Rodriguez, 31, has a career 51-52 record with a 4.33 ERA and has made at least 20 starts of each of his five Major League seasons. He finished ninth in the National League last year in ERA and was 10th in strikeouts per nine innings.

The Astros have not lost a case since 1996 (Rick Wilkins). They beat Mark Loretta and Jose Valverde in 2008, but their most recent case to go to hearing a prior to that was with Darryl Kile in 1997.

Wade discusses state of market

With more than 100 free agents still on the market and the start of Spring Training six weeks away, things will begin heating up as the month of January progresses. Those hoping for the Astros to open their wallets shouldn’t get their hopes up. The Astros won’t be a player for any of the remaining big-name free agents.

Houston signed right-hander Josh Banks to a Minor League deal this week to compete for a spot in the bullpen. Expect the Astros to perhaps sign another pitcher or two to a Minor League deal before the start of Spring Training, and they are also are in the market for a left-handed-hitting outfielder.

“It’s pretty quiet, even from an industry standpoint,” general manager Ed Wade said. “I talked to some other clubs and talked a few agents over the holidays and things seem to be very quiet on just about every front. That will change now that everybody is back from the holidays and we’ve still got a rather large list of free agents out there.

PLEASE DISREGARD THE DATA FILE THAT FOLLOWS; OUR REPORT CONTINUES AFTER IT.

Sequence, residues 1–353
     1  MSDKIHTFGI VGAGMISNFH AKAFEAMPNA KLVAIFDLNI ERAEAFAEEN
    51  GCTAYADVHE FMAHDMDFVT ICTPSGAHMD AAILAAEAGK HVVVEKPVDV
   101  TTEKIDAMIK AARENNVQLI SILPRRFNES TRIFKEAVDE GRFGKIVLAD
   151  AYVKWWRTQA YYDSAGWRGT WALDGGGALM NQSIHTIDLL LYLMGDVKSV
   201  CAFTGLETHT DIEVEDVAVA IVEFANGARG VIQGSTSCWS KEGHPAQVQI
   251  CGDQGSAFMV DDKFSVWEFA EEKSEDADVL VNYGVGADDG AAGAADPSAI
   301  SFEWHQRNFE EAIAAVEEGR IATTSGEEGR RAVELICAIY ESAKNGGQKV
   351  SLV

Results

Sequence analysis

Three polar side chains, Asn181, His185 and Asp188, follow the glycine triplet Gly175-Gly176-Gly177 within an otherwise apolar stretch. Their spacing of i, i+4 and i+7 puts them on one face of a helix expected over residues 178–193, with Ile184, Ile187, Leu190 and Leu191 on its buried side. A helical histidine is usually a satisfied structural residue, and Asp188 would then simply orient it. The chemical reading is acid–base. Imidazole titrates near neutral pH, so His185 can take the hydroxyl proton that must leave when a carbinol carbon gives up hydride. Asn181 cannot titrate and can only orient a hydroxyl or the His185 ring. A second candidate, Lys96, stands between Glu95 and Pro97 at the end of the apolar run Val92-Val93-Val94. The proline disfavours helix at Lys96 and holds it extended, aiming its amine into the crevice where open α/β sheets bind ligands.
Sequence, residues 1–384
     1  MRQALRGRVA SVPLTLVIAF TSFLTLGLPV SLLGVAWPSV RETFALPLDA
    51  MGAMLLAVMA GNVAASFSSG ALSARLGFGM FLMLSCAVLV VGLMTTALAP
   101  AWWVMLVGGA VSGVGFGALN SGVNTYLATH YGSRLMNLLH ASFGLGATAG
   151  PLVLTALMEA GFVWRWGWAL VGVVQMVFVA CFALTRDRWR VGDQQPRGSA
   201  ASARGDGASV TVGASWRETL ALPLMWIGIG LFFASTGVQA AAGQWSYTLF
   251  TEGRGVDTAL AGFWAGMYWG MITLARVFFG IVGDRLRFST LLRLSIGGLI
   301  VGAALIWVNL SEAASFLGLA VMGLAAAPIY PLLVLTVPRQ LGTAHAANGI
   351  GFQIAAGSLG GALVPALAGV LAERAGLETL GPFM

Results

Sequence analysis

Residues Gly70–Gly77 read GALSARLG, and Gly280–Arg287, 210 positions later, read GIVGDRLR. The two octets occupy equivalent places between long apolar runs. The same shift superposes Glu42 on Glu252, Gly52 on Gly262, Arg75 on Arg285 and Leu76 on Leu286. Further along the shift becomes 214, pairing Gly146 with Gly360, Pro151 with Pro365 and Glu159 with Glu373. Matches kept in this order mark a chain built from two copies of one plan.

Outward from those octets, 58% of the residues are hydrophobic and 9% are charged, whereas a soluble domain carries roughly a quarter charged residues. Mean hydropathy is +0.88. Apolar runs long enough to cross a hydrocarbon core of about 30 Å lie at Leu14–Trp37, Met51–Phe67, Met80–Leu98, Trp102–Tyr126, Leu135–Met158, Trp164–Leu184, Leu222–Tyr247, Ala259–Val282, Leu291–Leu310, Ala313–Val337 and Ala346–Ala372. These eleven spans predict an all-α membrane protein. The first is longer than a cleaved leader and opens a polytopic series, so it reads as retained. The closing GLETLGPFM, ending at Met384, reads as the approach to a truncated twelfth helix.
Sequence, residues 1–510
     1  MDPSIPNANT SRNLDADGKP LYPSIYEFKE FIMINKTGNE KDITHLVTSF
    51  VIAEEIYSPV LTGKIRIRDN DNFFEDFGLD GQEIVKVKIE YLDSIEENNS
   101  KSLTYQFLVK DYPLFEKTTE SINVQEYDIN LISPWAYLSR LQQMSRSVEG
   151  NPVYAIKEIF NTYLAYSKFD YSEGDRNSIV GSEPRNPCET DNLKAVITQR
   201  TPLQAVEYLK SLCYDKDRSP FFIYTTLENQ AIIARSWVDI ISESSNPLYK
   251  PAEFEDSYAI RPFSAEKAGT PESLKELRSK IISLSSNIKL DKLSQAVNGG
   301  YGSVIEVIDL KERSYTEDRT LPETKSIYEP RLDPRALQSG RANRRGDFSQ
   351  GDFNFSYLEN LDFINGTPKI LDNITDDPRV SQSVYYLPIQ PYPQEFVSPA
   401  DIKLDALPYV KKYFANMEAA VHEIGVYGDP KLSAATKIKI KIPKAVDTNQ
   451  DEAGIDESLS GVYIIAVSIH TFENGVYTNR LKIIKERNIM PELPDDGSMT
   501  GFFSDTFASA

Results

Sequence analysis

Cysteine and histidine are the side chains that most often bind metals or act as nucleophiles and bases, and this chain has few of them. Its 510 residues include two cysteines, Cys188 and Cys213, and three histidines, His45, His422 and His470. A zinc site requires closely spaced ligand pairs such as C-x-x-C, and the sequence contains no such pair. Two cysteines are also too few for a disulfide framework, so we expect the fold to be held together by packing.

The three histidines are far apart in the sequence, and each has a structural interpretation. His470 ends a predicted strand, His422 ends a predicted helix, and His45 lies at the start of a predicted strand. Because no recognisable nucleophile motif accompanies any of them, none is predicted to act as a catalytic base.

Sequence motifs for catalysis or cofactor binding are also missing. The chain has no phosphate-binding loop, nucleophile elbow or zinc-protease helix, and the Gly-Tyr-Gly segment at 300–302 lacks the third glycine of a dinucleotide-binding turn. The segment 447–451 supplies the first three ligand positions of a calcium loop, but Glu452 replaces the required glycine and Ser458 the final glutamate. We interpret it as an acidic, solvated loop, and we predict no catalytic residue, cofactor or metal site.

“By virtue of the fact you have a lot of players on the free agent market, that could have an impact on trade discussions as well. It’s not a great trade environment at this point in time because teams will wait to see if they can satisfy their needs through free agency rather than giving up players in return.”

Meanwhile, Tuesday is the first day players can begin filing for salary arbitration. Houston has seven players eligible for arbitration – center fielder Michael Bourn, infielder Jeff Keppinger, outfielder Hunter Pence, catcher Humberto Quintero and pitchers Tim Byrdak, Wandy Rodriguez and Chris Sampson.

Wade doesn’t anticipate any problems reaching deals with any of the arbitration-eligible players, and he doesn’t plan on working on multi-year deals with rising stars Bourn, Pence and Rodriguez.

“At this point, our focus is going to be a year at a time,” Wade said. “That could change, but at this point we think it’s proven to stay short versus long. Our goal and our expectation is to get all of our eligible players signed and not have to go through the process itself.”

The players and clubs can exchange salary figures Jan. 20. If no deal is reached, hearings will be held Feb. 1-21.